A closer connection with nature can change the composition of a woman's breast milk, potentially affecting her baby's health, researchers from the University of Turku have found, Scientific Reports noted.
The study, which began in 2007, involved 800 breastfeeding moms. Breast milk samples were collected when the babies were three months old. The composition of the milk was analyzed at the University of California, San Diego.
Researchers found that the variety of oligosaccharides was higher in the milk of women living in greener areas. The results were independent of education, occupation, parental marital status and health status, and socioeconomic well-being in the area where they lived.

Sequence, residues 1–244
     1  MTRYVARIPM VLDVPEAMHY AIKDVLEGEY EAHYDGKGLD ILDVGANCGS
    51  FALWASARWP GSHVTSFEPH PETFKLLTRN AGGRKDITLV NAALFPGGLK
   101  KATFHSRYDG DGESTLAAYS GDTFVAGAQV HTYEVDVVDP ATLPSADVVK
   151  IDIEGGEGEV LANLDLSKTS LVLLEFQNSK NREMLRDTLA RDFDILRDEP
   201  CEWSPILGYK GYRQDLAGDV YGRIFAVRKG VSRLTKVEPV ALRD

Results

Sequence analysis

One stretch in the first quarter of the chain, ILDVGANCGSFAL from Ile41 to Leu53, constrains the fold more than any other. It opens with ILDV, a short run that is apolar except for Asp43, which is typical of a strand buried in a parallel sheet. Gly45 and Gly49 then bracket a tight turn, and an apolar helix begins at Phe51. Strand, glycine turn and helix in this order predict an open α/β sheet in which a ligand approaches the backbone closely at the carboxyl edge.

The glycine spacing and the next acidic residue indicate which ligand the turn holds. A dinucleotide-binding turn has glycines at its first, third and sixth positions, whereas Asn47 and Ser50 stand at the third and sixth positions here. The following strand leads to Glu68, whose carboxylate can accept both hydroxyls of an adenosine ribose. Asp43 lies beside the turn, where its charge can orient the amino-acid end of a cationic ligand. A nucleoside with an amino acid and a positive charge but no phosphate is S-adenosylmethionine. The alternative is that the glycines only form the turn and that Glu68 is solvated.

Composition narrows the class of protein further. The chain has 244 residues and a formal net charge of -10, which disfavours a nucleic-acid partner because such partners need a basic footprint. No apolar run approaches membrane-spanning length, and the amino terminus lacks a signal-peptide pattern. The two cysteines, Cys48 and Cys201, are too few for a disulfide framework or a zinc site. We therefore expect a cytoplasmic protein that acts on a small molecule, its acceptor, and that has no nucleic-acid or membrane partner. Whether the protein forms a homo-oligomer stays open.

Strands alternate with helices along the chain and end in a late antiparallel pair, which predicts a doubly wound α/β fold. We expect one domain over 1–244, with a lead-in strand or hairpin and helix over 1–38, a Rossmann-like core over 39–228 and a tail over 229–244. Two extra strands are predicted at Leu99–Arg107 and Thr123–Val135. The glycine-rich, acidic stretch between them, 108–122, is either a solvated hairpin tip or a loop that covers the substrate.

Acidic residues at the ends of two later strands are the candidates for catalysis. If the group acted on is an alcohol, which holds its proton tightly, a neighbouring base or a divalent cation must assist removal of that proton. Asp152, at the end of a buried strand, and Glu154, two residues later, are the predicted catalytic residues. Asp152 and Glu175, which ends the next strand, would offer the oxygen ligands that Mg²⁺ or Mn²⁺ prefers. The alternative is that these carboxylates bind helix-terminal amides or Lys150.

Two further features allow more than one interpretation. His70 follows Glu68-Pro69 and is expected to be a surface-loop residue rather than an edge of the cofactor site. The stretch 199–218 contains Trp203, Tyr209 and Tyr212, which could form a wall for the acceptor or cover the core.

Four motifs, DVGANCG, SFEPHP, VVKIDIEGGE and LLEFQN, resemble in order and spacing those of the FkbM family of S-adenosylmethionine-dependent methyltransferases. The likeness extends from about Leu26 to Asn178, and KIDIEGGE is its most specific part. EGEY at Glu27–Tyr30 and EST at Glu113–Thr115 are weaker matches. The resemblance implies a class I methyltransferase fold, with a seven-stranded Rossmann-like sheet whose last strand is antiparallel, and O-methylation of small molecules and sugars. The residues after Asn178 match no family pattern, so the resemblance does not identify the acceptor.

The results of the study may indicate that increased daily contact with nature may be beneficial for nursing mothers and their babies.
Oligosaccharides are the most common components of breast milk after lactose and fats. Oligosaccharides in breast milk can protect an infant from harmful germs and reduce the risk of allergies and disease.